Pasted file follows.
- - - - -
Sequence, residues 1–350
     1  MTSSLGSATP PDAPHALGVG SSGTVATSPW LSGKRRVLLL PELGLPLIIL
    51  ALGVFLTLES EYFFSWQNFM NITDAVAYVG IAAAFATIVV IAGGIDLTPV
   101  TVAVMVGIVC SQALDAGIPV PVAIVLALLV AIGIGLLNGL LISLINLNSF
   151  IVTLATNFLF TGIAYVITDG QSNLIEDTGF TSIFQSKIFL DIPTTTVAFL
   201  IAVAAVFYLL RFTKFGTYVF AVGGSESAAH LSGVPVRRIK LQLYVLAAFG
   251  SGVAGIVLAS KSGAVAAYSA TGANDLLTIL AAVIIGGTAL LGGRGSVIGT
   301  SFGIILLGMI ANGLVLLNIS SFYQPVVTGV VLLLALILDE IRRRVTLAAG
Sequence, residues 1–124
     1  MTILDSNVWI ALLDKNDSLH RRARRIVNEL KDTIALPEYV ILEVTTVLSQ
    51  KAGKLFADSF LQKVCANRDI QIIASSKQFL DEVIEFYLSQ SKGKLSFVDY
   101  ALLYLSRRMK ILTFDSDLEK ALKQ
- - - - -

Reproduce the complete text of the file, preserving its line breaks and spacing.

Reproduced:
Sequence, residues 1–350
     1  MTSSLGSATP PDAPHALGVG SSGTVATSPW LSGKRRVLLL PELGLPLIIL
    51  ALGVFLTLES EYFFSWQNFM NITDAVAYVG IAAAFATIVV IAGGIDLTPV
   101  TVAVMVGIVC SQALDAGIPV PVAIVLALLV AIGIGLLNGL LISLINLNSF
   151  IVTLATNFLF TGIAYVITDG QSNLIEDTGF TSIFQSKIFL DIPTTTVAFL
   201  IAVAAVFYLL RFTKFGTYVF AVGGSESAAH LSGVPVRRIK LQLYVLAAFG
   251  SGVAGIVLAS KSGAVAAYSA TGANDLLTIL AAVIIGGTAL LGGRGSVIGT
   301  SFGIILLGMI ANGLVLLNIS SFYQPVVTGV VLLLALILDE IRRRVTLAAG
Sequence, residues 1–124
     1  MTILDSNVWI ALLDKNDSLH RRARRIVNEL KDTIALPEYV ILEVTTVLSQ
    51  KAGKLFADSF LQKVCANRDI QIIASSKQFL DEVIEFYLSQ SKGKLSFVDY
   101  ALLYLSRRMK ILTFDSDLEK ALKQ